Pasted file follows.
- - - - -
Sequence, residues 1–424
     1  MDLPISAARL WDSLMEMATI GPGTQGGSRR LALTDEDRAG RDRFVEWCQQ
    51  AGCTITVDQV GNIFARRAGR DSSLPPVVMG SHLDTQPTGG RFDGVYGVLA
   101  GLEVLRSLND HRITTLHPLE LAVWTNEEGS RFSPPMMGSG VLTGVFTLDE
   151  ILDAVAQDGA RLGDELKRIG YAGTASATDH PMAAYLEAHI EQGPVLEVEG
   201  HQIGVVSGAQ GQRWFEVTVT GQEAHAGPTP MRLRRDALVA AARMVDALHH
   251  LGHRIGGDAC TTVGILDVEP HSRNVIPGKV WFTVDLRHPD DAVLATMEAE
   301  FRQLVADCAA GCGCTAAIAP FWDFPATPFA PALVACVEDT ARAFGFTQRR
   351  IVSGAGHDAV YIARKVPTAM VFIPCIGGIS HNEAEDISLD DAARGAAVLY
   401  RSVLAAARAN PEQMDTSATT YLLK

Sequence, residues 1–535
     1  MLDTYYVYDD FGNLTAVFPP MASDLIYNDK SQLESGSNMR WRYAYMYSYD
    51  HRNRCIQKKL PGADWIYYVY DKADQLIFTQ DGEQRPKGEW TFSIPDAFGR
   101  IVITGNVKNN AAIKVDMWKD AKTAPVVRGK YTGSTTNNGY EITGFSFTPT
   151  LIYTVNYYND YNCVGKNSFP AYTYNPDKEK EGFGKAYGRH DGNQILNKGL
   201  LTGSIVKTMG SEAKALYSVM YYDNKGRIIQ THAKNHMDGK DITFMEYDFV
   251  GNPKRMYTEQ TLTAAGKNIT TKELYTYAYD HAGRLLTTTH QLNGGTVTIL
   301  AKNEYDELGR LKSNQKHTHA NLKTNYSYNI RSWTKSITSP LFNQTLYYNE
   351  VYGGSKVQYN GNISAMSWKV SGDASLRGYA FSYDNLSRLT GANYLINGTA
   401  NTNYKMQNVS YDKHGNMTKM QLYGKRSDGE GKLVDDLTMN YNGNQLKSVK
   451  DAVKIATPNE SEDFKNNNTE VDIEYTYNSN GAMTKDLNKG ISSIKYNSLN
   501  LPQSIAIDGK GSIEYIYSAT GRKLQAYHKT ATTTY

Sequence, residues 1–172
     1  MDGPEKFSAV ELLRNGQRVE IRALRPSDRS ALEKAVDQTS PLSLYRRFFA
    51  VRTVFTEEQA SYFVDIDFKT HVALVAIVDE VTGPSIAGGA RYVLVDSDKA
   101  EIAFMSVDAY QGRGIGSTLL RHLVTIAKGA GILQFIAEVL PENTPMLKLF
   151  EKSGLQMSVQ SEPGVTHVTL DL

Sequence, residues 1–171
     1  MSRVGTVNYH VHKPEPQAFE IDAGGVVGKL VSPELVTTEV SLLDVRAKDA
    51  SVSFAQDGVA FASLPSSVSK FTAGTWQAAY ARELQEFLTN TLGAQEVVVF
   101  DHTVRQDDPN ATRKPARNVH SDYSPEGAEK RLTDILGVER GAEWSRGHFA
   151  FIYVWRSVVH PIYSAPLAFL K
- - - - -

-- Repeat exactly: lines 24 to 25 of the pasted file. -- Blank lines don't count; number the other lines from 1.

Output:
     1  MDGPEKFSAV ELLRNGQRVE IRALRPSDRS ALEKAVDQTS PLSLYRRFFA
    51  VRTVFTEEQA SYFVDIDFKT HVALVAIVDE VTGPSIAGGA RYVLVDSDKA